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Aaron Kyle Steward sued Nationwide Property and Casualty Insurance Company ("Nationwide"), seeking uninsured-motorist ("UM") benefits after he was injured in an accident at a publicly owned and operated all-terrain-vehicle ("ATV") park. The circuit court entered summary judgment in Steward's favor, ruling that the ATV that collided with the one on which he was riding was an "uninsured motor vehicle" for purposes of Steward's automobile-insurance policies with Nationwide, and Nationwide appealed. Because the Alabama Supreme Court concluded that the roads on which the accident occurred were "public roads" under the policies, judgment was affirmed. View "Nationwide Property and Casualty Insurance Company v. Steward" on Justia Law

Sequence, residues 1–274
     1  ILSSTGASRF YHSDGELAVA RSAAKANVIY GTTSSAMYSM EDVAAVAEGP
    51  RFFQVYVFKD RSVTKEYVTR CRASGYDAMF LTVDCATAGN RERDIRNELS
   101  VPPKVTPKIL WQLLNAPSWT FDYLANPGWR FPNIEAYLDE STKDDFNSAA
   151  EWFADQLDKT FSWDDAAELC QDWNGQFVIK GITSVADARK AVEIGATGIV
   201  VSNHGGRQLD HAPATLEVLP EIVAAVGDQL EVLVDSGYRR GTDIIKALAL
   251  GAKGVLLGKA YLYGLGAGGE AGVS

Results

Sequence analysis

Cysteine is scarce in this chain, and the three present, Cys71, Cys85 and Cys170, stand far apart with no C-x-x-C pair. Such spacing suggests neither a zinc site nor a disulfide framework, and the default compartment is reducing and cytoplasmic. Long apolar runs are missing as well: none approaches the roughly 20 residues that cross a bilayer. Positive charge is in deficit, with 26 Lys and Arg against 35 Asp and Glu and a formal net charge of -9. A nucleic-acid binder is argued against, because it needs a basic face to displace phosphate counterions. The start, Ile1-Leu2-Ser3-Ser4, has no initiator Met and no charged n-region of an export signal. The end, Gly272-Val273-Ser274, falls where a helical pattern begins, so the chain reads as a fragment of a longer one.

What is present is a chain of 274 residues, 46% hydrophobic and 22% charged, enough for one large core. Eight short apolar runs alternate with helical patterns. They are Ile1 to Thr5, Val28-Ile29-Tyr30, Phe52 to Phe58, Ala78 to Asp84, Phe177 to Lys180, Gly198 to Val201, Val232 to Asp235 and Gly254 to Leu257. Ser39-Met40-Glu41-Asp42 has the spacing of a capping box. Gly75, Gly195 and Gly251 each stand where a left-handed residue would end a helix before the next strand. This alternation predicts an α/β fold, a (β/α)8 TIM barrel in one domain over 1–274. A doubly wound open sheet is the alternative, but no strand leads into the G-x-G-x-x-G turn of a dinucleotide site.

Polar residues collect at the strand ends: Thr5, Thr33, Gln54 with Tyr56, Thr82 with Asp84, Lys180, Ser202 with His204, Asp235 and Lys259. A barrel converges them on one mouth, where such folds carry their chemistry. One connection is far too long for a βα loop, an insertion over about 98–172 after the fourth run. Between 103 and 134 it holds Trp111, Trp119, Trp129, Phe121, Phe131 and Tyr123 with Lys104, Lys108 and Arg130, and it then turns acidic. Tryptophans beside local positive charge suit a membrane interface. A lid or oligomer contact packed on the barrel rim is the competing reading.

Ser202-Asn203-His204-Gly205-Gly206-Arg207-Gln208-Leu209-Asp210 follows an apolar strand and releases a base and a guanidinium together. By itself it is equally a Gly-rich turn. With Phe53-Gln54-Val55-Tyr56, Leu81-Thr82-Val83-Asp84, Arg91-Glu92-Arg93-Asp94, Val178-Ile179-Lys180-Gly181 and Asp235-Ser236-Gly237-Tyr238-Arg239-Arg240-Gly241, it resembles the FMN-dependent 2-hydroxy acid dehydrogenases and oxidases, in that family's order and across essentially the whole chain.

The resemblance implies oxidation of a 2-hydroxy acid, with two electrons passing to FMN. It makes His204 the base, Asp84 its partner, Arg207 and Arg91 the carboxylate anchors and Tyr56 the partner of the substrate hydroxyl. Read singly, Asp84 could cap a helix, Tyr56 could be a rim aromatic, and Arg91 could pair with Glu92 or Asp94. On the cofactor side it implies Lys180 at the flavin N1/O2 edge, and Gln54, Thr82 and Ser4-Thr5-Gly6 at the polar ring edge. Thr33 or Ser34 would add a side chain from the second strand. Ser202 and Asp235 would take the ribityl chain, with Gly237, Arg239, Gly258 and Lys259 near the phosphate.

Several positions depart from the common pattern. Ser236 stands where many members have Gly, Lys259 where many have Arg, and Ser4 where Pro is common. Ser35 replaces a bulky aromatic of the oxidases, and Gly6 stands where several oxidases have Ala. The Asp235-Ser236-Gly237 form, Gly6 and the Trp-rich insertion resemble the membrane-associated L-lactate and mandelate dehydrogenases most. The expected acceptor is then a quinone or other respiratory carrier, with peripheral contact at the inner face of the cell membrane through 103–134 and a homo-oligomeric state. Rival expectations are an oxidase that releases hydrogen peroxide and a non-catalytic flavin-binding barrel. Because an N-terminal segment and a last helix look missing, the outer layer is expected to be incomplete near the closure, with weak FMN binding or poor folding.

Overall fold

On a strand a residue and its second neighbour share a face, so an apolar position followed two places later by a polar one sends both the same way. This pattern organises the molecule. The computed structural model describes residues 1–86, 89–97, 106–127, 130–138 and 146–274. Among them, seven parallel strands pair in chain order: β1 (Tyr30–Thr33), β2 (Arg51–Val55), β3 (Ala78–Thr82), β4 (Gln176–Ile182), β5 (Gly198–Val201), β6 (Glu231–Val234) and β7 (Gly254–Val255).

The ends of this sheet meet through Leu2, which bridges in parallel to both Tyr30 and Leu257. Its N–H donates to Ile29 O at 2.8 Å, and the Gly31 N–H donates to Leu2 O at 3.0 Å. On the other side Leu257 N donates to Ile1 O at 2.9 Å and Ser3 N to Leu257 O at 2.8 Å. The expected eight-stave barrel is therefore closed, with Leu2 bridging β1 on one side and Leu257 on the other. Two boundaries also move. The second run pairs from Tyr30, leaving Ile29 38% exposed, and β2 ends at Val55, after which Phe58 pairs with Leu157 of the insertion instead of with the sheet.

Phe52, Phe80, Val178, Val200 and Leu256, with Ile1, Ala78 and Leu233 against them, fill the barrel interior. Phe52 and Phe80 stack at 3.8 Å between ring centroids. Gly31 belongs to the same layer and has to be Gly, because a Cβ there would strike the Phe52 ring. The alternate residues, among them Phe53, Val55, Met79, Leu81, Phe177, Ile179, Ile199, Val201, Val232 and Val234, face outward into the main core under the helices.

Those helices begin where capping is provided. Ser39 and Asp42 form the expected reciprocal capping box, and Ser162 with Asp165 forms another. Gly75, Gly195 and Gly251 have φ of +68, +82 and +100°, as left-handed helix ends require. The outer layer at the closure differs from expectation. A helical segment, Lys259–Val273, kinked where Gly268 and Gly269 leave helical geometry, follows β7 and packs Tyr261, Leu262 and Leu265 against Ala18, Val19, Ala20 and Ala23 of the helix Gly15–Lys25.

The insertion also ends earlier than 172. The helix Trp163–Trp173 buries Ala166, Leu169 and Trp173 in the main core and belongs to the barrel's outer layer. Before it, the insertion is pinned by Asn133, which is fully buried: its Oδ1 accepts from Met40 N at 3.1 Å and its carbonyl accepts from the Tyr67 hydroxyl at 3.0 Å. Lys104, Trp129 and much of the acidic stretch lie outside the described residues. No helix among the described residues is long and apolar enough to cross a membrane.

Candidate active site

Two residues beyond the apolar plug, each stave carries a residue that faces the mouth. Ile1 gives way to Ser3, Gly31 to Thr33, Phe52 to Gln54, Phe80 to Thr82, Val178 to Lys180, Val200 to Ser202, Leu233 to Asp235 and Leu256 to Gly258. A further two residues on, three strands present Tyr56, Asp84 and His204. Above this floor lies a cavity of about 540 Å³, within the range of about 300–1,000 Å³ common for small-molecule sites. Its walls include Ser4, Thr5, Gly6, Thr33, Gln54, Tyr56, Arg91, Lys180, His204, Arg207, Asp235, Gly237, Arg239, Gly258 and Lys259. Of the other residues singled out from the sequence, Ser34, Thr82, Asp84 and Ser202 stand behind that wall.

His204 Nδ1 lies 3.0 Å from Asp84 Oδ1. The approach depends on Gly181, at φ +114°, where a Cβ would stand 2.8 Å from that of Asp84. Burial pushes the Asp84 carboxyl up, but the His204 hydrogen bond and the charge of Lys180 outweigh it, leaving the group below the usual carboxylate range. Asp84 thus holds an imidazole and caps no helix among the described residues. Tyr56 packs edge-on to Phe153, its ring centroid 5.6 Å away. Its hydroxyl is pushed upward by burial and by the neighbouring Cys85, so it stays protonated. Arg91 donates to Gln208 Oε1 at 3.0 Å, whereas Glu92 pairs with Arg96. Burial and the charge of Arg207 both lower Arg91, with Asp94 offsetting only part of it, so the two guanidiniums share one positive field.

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After her claim for coverage under the Public Education Employees' Health Insurance Plan ("PEEHIP") was denied, Marilyn Player sued Blue Cross and Blue Shield of Alabama ("BCBS") at the Macon Circuit Court ("the trial court") asserting claims of breach of contract and bad faith. BCBS sought a writ of mandamus to direct the trial court to transfer Player's case to the Montgomery Circuit Court pursuant to section 16-25A-7(e), Ala. Code 1975. A complaint seeking judicial review of a decision of a PEEHIP claims administrator could be heard only by the Montgomery Circuit Court. Player argued that 16-25A-7(e) did not apply to her complaint because her claims, she contended, did not constitute an action for a dispute over the denial of benefits and her complaint could not be characterized as an appeal of any administrative action. Rather, the breach-of-contract and bad-faith claims, Player argued, were regular tort claims recognized by the common law of Alabama and therefore did not fall within the purview of 16-25A-7(e). The Alabama Supreme Court was not persuaded: "Player cannot avoid the legislature's exclusive-venue provision by recasting her claims using artful labels." The trial court exceeded its discretion in denying BCBS's motion for a change of venue from Macon County to Montgomery County. Despite Player's attempt to cast the issues in her complaint as regular tort claims, Player's breach-of-contract and bad-faith claims are, in essence, disputes over a final decision allegedly made by BCBS regarding Player's insulin medication. Section 16-25A-7(e) controlled in this action; therefore, venue was proper in Montgomery County. The Supreme Court granted the petition and issued the writ. The trial court was ordered to transfer the action to the Montgomery Circuit Court. View "Ex parte Blue Cross & Blue Shield of Alabama." on Justia Law